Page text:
A Doctor Explains What Causes Your Salt Cravings

© Pixabay

Salt isn’t “bad” per se, says integrative medicine physician Pooja Amy Shah, MD. “It’s one of the most important components in our bodies,” she says. Sodium, the primary component of salt, helps maintain healthy fluid levels in your body, ensures proper muscle function, and transmit nerve impulses throughout the body. There’s even a theory that we’re hard-wired to like salty foods because they often contain important minerals for growth and development.

The problem, Dr. Shah says, is that most people already get too much salt (more than the recommended 2,300 milligrams per day) because many foods in the American diet are loaded with it. Many of those foods don’t necessarily taste salty because of the other ingredients used, she says—leading people to seek out even more salt to satisfy the cravings that come up. Salt in excess, of course, can lead to bloating, dehydration, and in some people, increased blood pressure.

Plus, Dr. Shah adds that when you’re craving salt, it’s often your body telling you something else that may have nothing to do with food. This matters because once you understand what’s behind that seemingly-urgent need, Dr. Shah says you can be a bit more intentional about choosing whether or not to indulge. Here are some of the most common culprits of salt cravings, and what to do about them.

1. Stress

“Typically when someone is stressed, they start craving something comforting,” Dr. Shah explains. Why? You want to feel better. “Comforting foods tend to be high in fat, sugar, and salt,” she says. (for example, mac and cheese.) So next time you’re craving that bag of tortilla chips, it’s worth it to check in with your mood first—and consider whether other stress-reducing activities (like a quick workout or calling your friend) could help instead.

2. Poor sleep

Science has shown that people who don’t get enough sleep tend to make poorer food choices than those who do. Dr. Shah explains that one reason for this is because their cortisol (often called the stress hormone) is elevated when a person is tired, which puts stress on the body—leading them to crave oh-so-comforting, salty foods. “Lack of sleep [also] increases the ghrelin, which is known as the hunger hormone,” she adds. Getting your cortisol levels under control—which getting good sleep helps with a lot—helps keep that hunger hormone from being overactive.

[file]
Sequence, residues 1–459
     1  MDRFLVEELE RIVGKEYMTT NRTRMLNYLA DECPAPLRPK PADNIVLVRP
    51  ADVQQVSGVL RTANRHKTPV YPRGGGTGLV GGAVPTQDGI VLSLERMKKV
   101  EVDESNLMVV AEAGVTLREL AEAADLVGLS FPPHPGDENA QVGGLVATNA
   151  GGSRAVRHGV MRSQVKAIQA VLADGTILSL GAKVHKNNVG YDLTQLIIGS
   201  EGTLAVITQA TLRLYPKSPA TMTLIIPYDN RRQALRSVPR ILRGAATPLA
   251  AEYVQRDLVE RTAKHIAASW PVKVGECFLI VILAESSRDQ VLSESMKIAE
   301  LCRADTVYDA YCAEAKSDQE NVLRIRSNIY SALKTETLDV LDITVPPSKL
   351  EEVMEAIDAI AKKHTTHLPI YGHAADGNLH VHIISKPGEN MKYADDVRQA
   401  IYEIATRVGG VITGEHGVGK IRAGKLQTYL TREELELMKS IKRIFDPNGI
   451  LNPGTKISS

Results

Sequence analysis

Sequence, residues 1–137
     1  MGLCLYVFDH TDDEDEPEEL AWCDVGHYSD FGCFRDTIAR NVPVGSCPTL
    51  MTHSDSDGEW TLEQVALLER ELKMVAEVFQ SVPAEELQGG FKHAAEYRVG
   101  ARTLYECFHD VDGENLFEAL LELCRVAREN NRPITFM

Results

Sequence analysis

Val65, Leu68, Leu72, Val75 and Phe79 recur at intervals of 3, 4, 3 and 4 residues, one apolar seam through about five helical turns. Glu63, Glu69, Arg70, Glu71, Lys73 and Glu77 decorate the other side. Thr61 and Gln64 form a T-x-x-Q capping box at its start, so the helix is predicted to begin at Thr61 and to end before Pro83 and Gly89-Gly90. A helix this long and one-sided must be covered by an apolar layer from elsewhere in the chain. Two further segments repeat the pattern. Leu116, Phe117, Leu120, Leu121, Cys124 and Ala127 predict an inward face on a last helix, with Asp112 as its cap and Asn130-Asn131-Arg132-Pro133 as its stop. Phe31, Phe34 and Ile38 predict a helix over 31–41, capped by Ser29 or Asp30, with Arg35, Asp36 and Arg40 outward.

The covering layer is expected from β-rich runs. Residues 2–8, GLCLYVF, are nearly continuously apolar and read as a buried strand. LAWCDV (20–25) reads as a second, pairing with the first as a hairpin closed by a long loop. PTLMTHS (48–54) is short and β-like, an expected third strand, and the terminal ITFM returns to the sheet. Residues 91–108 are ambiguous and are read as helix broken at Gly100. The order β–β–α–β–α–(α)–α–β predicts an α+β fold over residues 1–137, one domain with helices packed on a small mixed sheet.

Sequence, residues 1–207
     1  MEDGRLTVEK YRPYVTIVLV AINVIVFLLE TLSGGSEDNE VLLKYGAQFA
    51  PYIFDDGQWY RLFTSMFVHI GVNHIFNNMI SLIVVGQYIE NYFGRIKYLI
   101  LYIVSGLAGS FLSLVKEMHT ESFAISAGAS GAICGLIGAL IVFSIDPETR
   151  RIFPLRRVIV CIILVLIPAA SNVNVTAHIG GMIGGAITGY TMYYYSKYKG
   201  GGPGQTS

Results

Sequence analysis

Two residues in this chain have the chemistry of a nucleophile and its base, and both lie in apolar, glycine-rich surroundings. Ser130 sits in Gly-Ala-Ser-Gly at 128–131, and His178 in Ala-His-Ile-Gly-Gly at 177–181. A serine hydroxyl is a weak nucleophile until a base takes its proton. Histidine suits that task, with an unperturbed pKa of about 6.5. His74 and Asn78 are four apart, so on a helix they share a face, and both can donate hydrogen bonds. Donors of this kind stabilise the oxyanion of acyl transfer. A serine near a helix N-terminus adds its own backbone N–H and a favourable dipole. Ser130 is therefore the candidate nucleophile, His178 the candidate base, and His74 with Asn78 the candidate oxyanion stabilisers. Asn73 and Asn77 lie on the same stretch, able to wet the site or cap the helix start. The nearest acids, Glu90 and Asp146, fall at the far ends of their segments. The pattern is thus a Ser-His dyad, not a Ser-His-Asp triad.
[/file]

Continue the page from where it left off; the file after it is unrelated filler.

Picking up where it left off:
3. You crave what you already eat

“Salt cravings are linked to habit,” Dr. Shah says. If you’re eating a high-sodium diet, she says your body is likely to crave salt more since that’s what it’s used to getting. “If you want to crave salty foods less, try cutting processed and packaged foods out of your diet for a month,” she says. It can help your body get used to eating less salt, and thus crave them less.

4. Excess sweating

Dr. Shah says there’s also a connection between salt and sweating, because sweat contains salt and when someone sweats, their sodium levels decrease. In this case, she says, the craving is your body communicating to you that your sodium levels need to be replenished. “We need 2,300 milligrams—or one teaspoon—of salt a day,” Dr. Shah says. The majority of Americans get far more than that, but if you are doing extreme exercise—like marathon training—be mindful of potentially low sodium levels that could come of it.

5. A thyroid or kidney disorder

Generally, salt cravings are pretty benign. But if they’re accompanied by other symptoms, Dr. Shah says you should definitely visit your doctor to rule out something more serious. For example, Addison’s disease (a condition where your adrenal glands produce too little cortisol) can cause salt cravings. Typically, the signs of Addison’s disease—which also include fatigue, abdominal pain, skin pigment getting darker, and muscle and joint pain—occur gradually over time. Again, if you’re experiencing more serious symptoms along with your salt cravings, see a doctor.

Facebook
Twitter
WhatsApp
Pinterest
Reddit
Delicious
LinkedIn
Facebook
Twitter
WhatsApp

Leave a Comment

Your email address will not be published. Required fields are marked *

READ NEXT

6 Types of Psychotic Disorders

Psychotic disorders are a group of mental health conditions that change your sense of reality. They make it hard to know what’s real and what isn’t. When you have these

16 Negative Effects of Caffeine on Your Body

Caffeine is used every day by millions of people to increase wakefulness and improve concentration. Up to 400 milligrams of caffeine a day appears to be safe for most healthy

Why Are My Feet Always Cold?

Many people will experience cold feet at some point in their lives and there are many causes of this issue. Changes in temperature or lifestyle choices are some of the

10 Healthy Habits Cardiologists Wish You to Follow

Heart disease is the biggest killer in the United States, more than all cancers combined. As you know, prevention includes quitting smoking, lowering cholesterol, controlling high blood pressure, maintaining a

Clear Signs You’re Having an Allergic Reaction

As you know, your immune system guards your body against harmful bacteria and viruses. In certain cases, your immune system will also defend against substances that normally don’t pose a

7 Signs You’re Emotionally Healthy

Sure, abs are sexy, but there’s a much better indicator of a healthy person than a hot physique: mental wellness. Emotional health has nothing to do with a person’s workout

7 Superfoods That Keep You Hydrated All Day Long

Cucumber Water content: 96.7% This summer veggie—which has the highest water content of any solid food—is perfect in salads, or sliced up and served with some hummus, says Keri Gans,